The Big Read: For richer and poorer
The prosperity that many of us have been blessed to enjoy for the past 20 years comes with massive responsibility.
It brings with it tough questions: How much money is enough? And what is it for? With the massive poverty around us, is it enough merely to accumulate, and accumulate more?
People often ask what they can do to make our country better. I often see them struggling with loss of political power and unsure how to be an active participant in our society. These are people who have succeededin business and other spheres but they struggle with the meaning of their lives.
This has led to the mushrooming of philanthropic "foundations" in our country. Celebrities have foundations. First, and second, ladies have foundations. Ordinary people have foundations. Rich people have foundations.
Many of these foundations are nothing more than fronts to extort money from companies, or vanity projects that have neither focus, structure nor meaning.
They have no impact on the real challenges that face us.
This is because real philanthropy, and real engagement, is harder than most people think. It requires one to make tough decisions about what one engages in, and how to do that.
Too many of the foundations are set up merely to show that the founders or patrons are doing what the government wants them to do. They are set up to further their leaders' interest in securing tenders and other business. They do society no good.
I was inspired to read what American magnate George Soros had to say about philanthropy. He wrote, in 2011: "I have made it a principle to pursue my self-interest in my business, subject to legal and ethical limitations, and to be guided by the public interest as a public intellectual and philanthropist.
"If the two are in conflict, the public interest ought to prevail. I do not hesitate to advocate policies that are in conflict with my business interests.
"I firmly believe that our democracy would function better if more people adopted this principle; and if they care about a well-functioning democracy, they ought to abide by this principle even if others do not. Just a small number of public-spirited figures could make a big difference."
That, I believe, is the key issue to reflect on concerning all these foundations. The truth about our 20-year-old democracy is that society is a much better place, because of the constitution we live under, than it was in the 46 years of crazy, nonsensical, cruel apartheid rule. It behoves us to want to see our children living and benefiting from what has been given to us by the architects of this constitution.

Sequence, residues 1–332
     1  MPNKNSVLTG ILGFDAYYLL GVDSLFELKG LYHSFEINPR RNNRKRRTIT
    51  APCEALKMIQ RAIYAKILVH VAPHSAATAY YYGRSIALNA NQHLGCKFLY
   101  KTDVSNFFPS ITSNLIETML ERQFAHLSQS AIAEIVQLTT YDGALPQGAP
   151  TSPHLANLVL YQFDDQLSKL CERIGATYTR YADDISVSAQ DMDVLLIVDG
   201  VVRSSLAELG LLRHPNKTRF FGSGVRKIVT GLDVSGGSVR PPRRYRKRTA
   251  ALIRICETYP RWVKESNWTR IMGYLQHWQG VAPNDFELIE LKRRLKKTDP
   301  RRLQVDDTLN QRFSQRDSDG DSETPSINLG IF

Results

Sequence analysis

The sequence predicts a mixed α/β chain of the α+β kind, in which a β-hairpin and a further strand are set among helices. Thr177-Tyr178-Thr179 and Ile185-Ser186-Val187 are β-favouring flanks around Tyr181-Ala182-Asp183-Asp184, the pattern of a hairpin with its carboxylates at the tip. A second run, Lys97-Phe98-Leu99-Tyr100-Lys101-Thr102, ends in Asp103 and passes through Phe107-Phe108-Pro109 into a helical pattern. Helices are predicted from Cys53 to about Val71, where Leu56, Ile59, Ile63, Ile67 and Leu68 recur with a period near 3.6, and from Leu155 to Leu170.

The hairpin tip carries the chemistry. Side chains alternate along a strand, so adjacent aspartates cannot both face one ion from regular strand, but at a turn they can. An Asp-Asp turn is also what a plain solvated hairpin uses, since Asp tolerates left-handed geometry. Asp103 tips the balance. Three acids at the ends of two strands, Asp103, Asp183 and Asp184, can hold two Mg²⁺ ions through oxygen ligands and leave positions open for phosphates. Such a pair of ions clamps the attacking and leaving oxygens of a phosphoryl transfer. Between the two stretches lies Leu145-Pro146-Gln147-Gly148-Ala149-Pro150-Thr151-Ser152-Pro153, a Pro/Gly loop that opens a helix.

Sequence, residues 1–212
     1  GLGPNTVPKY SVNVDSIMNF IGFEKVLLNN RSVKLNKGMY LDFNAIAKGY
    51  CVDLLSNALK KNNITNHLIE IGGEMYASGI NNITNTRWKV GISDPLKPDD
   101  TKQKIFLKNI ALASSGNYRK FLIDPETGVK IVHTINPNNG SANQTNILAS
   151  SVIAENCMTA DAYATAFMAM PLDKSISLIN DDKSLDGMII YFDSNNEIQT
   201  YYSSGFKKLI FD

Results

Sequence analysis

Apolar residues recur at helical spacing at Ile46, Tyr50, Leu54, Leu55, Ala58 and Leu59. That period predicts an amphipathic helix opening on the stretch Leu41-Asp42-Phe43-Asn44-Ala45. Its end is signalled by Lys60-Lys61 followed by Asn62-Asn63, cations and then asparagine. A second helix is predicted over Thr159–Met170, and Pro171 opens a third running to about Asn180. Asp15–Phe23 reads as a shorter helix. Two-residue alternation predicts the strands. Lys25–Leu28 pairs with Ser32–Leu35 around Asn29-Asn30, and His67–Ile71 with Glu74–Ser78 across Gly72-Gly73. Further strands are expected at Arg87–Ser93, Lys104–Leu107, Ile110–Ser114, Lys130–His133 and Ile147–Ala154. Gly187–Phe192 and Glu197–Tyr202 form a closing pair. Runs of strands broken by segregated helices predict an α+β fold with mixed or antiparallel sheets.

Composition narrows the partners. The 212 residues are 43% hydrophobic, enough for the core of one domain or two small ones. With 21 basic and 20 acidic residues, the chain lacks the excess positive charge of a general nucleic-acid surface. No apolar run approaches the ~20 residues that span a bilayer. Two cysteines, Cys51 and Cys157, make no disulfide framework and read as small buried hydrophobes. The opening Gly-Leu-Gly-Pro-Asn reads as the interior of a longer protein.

That is why we have to protect our constitution. That is why we have to ensure that the united, non-racial, open, democratic society we have forged over the past 20 years is strengthened - to allow our children to enjoy it in the next 20 and 40 years.
Unfortunately, there are too many business individuals and politicians among us whose only drive is to accumulate, accumulate and keep on accumulating.
They rob, bribe and corrupt their way to the top of the pile.
There are consequences to this, and these are that the society our children will inherit will be a far darker, far more corrupt, far more closed and undemocratic place than the one we live in today.
This is the power of what Soros is talking about. We all need to rise above our own interests and see that the greater good, the public interest, is key for all of us. Sometimes the public good will be inimical to our own narrow interests but that is when our citizenship will be tested: to choose the greater good, the public interest, or our own selfish and immediate gratification.
So what is to be done? In the next decade those who have made it in South Africa will be challenged to engage with the rest of the country.
Two paths beckon. The one is to put our heads in the sand and just keep making money. The other is to put our selfish interests aside and say: "Our children will live here and therefore we need to build a great country for them to inherit."
For the rich, here is a quote from Henry Ford that may inspire action: "The highest use of capital is not to make more money but to make money do more for the betterment of life."
For the rest of us, to speak, to speak, and to speak again about what is good for us, our children and our future.